The boards of wood that I ordered cost too much, and $30 shipping or so. Also, there is the expense of time and trouble. I will have to wait and see if the boards come with any assistance in fitting them to the units permanently and correctly.

I don't think I knew when I ordered the units that there were choices with the bottoms built in (I saw them ordered on etsy and did not see that option, that I recall).

In the end, I"ll work it out, but I'm wondering if there is a way to communicate to the company that they should simply stop selling the option with the bottoms not built in? It sounds like I'm hearing confirmation from you folks (unless I'm misunderstanding) that their shelving units will over time do some damage.
That is fixable relatively cheep by visiting Lowes or Home Depot and asking to cut certain size of the bottom plywood.
Dougdeacon; How often do you recommend going through the record collection and cleaning the albums and replacing the out sleeve with new to prevent this issue?
Once, if you do it properly.
Unless you are REALLY into the unfinished wood look , check out your local Ikea store . They have some stands that are quite good for record storage . They are sturdy and made of plastic in a few different colors for less money . You can get different combinations of the square storage pieces in groups of 2 ,4 ,8 and 16 per unit . Each cubicle can easily hold 60 albums in the preferred upright direction .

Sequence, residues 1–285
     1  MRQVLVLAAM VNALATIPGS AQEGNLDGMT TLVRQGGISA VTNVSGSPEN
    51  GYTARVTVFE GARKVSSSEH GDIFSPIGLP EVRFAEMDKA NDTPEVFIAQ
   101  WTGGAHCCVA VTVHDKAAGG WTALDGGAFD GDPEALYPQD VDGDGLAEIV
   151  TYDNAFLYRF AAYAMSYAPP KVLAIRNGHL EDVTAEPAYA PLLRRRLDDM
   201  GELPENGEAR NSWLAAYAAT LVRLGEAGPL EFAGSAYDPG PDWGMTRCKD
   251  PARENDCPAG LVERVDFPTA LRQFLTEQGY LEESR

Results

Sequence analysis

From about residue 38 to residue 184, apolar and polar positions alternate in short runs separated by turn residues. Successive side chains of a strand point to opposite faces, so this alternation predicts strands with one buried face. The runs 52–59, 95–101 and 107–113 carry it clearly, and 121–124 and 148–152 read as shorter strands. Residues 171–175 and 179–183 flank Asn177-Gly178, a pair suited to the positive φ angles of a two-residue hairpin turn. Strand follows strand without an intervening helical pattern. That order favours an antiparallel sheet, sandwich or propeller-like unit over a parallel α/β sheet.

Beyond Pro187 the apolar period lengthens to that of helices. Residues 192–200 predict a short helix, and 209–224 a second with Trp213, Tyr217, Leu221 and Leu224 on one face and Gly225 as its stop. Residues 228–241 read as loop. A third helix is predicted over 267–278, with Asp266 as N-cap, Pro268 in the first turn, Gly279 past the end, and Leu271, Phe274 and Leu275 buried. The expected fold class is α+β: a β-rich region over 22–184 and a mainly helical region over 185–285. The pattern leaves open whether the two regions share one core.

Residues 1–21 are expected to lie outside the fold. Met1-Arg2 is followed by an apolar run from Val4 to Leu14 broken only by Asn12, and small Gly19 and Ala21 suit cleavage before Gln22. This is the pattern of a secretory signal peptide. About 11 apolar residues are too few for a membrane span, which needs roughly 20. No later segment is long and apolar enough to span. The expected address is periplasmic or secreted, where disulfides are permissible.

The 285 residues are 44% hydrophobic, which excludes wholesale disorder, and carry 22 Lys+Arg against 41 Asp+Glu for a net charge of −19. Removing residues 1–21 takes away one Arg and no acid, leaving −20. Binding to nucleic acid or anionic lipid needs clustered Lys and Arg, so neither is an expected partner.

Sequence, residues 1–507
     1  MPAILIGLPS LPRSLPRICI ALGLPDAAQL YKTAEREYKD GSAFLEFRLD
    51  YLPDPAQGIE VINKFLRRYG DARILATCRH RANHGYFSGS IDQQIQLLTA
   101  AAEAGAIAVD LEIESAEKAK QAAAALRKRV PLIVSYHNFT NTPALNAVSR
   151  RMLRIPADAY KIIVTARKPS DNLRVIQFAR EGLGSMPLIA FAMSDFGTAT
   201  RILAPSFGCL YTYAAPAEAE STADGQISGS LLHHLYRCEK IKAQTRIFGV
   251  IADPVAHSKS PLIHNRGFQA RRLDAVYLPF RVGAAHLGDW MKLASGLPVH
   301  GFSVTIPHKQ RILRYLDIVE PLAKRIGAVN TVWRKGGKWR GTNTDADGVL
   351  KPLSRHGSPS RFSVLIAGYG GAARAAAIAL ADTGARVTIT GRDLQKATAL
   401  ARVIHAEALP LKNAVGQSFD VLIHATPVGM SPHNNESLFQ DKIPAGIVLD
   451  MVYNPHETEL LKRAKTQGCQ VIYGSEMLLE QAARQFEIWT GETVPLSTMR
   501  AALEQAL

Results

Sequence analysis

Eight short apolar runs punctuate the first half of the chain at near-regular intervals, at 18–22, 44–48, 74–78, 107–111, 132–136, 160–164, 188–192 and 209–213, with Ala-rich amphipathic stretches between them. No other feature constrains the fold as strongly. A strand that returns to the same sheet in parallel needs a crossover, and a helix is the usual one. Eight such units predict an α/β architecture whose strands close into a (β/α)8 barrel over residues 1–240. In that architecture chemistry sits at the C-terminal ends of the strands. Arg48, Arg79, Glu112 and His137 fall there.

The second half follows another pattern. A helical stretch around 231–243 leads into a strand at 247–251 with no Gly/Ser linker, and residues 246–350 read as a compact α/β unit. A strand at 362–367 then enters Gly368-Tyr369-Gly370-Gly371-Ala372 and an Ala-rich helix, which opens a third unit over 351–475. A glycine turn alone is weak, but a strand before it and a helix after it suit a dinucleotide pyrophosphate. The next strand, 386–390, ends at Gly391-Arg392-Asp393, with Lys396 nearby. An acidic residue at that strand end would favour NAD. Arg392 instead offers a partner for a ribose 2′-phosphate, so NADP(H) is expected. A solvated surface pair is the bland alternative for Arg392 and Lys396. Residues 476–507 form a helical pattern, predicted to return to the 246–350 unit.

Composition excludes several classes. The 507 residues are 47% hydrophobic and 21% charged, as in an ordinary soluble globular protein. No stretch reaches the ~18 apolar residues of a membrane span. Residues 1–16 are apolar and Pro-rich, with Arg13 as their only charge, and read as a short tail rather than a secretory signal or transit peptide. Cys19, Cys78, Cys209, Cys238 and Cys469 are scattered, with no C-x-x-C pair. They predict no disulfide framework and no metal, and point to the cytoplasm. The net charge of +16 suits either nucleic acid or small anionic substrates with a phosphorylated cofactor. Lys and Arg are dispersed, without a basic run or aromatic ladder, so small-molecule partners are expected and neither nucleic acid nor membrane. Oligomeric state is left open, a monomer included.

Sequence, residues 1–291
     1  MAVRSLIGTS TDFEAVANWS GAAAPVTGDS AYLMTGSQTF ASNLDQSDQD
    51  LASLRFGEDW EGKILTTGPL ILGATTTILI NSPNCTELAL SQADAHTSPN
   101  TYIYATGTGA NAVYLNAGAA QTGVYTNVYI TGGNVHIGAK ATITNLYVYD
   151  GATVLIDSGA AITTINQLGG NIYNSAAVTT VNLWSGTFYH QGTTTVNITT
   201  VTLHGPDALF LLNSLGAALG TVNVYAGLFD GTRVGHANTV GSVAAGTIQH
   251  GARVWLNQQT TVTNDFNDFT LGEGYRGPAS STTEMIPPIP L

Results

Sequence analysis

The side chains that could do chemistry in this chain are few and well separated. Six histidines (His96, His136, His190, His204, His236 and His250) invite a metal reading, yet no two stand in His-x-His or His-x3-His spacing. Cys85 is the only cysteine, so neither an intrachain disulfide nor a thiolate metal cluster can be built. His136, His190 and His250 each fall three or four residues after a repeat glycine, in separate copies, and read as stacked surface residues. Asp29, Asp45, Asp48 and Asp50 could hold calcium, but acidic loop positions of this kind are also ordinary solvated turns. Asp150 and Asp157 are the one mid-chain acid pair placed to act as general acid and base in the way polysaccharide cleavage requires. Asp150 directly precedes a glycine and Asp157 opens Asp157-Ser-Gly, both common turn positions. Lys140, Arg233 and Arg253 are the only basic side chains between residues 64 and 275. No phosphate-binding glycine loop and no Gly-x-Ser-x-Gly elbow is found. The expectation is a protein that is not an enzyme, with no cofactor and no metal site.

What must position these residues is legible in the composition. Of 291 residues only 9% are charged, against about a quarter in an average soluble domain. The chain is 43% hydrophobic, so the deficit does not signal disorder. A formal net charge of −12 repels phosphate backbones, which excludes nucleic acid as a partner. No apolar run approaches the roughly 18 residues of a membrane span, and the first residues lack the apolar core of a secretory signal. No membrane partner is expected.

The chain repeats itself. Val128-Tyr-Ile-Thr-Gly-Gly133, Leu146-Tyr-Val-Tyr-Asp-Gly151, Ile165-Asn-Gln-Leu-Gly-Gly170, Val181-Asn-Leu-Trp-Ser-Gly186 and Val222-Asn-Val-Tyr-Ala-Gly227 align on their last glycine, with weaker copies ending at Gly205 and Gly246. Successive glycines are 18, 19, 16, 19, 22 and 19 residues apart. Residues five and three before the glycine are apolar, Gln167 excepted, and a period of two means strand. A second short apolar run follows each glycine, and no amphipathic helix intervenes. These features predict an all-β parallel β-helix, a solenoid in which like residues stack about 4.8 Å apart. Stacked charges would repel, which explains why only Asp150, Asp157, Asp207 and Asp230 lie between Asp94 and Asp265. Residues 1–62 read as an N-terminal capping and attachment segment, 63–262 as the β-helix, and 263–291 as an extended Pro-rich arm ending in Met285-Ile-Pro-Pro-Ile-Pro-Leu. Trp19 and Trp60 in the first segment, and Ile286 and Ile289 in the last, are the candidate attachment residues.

One 16 cubicle stand can easily hold a thousand albums and it is assembled as a one piece stand . Accessible both from the front and back with a solid shelf supporting the bottoms of the albums .
Probably a matter of form vs function . Mine are stored in the guest room . If yours are out in the public area of the house then you may want to have a nice 'finished' wood piece of furniture on display .
Thanks for all the ideas and responses. I'll see how things look once the boards arrive and I try to correct the wrong.

My main concern is that unless someone says something in a way that will get through to the seller, who is here:

it is possible that over the next several decades hundreds of thousands of vinyl albums, or more, will be damaged by their shelves.
I would have considered buying one of these (a variant from the same seller that has the supportive bottom built in) if only I'd known about them before. I bought on etsy where these didn't seem to be there, as far as I knew.
Ok, I have received the 3 inlays, placed them in, they fit perfectly and have done the job. In the end I'm pleased with the overall product, ... everything seems solid. I appreciate the help of the people here in this forum in confirming that I was right to be concerned about the lack of a supporting shelf.

I submitted a review to the store that names my concern, constructively I hope and encourages them to consider the possibility of discontinuing selling the variant without the supportive inlay.
It turns out, they did publish my review on their website, including my concerns about the support for the vinyl on the bottom, over many years:

So, I think if others are additionally concerned about vinyl archiving questions in general, and about whether the company's products could do some damage over the coming decades if they are distributed without the support shelves, perhaps it would be possible to take up the issue by communicating politely to the company that the concern may be well-founded. I didn't know enough about these issues to say so for certain.